Lately, I find myself looking slantwise at everyone in public, wondering about empathy. About how much their hearts hold. About how much mine holds. Recently, in Great Britain and the United States, xenophobia has found many allies in pro-Brexit voters and the new Trump administration. Racial and religious prejudice is hardly a new problem for either area, but these past months have given it new power and boldness. Although we all benefit from listening to people with experiences different from our own, and I had already been planning to explore womanhood in all its abounding variety, now the project takes on a new urgency.

This time, I've spoken with my friend Maddie about her experience of womanhood. As a trans woman who began her transition recently, she grew up within masculine culture. Only in the past few years has she had the chance and challenge to forge an outer life to match her inner life.

Tammy: So, tell me a little about your family and being young. What examples of womanhood do you remember seeing growing up?

Maddie: The big one is your mom, right? So, my mom had severe depression from [when I was] like, ten years old on. And she spent most of my childhood on disability, incapacitated, and in and out of the hospital. For the most part of my childhood I grew up very quickly, taking care of myself, because my dad was on the road, and alcoholic. We were taught to use the washing machine at ten years old, and feed ourselves. So, I didn't really have a strong female role model, it took me going out and looking for them, and it really wasn't until adulthood that I did that consciously. Now, look at all the people I'm friends with, I have a lot of strong female role models.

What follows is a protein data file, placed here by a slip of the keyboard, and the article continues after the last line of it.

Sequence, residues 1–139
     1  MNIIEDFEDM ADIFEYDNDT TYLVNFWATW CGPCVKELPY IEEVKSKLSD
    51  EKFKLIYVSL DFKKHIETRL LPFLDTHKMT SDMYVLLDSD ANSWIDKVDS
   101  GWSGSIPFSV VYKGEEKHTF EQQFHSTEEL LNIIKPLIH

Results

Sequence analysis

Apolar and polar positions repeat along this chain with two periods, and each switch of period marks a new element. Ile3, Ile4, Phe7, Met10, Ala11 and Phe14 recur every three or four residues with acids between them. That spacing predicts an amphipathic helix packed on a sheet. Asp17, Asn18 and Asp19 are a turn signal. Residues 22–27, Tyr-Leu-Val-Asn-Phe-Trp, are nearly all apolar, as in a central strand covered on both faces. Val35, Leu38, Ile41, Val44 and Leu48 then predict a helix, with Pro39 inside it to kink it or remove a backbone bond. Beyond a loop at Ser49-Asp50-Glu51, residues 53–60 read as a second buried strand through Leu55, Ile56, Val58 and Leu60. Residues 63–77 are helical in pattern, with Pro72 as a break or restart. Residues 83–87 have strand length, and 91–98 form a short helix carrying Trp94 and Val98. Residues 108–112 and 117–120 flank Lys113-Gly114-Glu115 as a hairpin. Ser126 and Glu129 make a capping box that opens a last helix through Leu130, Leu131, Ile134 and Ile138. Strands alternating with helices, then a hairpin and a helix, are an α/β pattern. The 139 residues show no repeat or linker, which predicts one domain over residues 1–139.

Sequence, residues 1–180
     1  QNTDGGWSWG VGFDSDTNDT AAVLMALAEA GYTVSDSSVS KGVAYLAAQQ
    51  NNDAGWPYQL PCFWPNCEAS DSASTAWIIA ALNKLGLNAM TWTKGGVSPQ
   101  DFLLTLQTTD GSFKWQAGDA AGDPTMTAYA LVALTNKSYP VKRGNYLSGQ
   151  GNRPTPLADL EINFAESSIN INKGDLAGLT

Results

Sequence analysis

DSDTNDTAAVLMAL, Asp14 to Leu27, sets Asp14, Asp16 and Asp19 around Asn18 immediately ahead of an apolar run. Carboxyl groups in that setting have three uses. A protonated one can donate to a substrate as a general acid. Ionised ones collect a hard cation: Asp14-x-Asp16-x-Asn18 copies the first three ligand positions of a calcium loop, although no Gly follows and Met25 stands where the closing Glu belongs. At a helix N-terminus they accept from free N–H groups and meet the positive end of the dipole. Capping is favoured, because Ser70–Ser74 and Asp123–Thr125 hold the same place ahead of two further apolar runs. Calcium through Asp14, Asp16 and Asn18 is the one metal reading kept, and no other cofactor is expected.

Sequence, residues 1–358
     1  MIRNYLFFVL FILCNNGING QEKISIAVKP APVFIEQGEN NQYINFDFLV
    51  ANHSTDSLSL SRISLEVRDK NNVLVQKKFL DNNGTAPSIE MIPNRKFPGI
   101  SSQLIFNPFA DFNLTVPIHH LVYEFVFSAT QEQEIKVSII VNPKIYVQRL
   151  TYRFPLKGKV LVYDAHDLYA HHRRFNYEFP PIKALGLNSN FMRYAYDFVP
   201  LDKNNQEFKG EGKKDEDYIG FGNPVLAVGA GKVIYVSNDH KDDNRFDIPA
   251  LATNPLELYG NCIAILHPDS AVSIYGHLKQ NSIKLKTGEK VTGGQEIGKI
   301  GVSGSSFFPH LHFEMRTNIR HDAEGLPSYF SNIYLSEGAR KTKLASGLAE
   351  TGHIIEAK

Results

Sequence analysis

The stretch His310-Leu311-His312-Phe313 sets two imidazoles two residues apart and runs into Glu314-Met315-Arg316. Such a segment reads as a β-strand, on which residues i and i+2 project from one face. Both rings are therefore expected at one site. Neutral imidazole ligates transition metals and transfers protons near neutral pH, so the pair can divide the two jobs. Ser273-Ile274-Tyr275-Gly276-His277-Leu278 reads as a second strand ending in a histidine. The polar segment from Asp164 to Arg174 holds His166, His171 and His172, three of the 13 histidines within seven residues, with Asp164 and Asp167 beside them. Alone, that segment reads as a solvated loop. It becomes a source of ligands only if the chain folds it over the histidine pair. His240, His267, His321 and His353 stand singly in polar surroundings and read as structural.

T: I remember, after my parents divorced, consciously looking for relationship role models. I sought out couples to emulate.

M: I think that's a parallel. My parents are still together, a severely depressed wife and an alcoholic husband, (he's in recovery). I didn't really learn much, because my marriage failed terribly. Now I'm at the age where I dunno if I'm ever gonna do that [again]. I wasn't an authentic person until just a few years ago, and the kids were an excuse for not transitioning. Eventually they became the reason I had to, this wasn't the example they deserved. My overall lesson to them can't be how not to be yourself, which is what it was.

T: When you were looking for role models, tell me about aspects of womanhood that you admired.

M:: Honestly, it's like, it's not that different than the things I look for in dating. We're getting very Freud, maybe.

T: (Laughs).

M: Strong, fierce women. I want to be a fierce woman. I have so much respect, especially with the way society is stacked against them, for the women that don't even acknowledge the way things are stacked — and no one questions them. The strong, maternal presence. They command respect, and they get it, even though (like if they came up against a man, in a business situation, who would fully dominate over most women) he wouldn't even try. They have this force around them.... I think a lot of that is authenticity.

T: ‘‘Like they're not trying to convince anyone of anything.’’

M: Right, they just ARE, and that's how I've been trying to go about my transition. I lived so false for so long that once I made that decision to be true to myself, that I can't do anything less than 100%. It feels bad. Professionally, I worry about passing, but I don't pretend to be anything beyond what I am. I'm a trans woman, I don't hide that. It's not anything I'm ashamed of. If it comes up, I talk about it, that's just how I live and professionally I've had zero problems. Most of my working day is spent on construction sites. I do the controls for the heating and cooling systems. I don't know if it's me or the region I live in [Boston], probably some of both. There's nothing for them to challenge.

T: Tell me about something “womanly” that rubbed you the wrong way.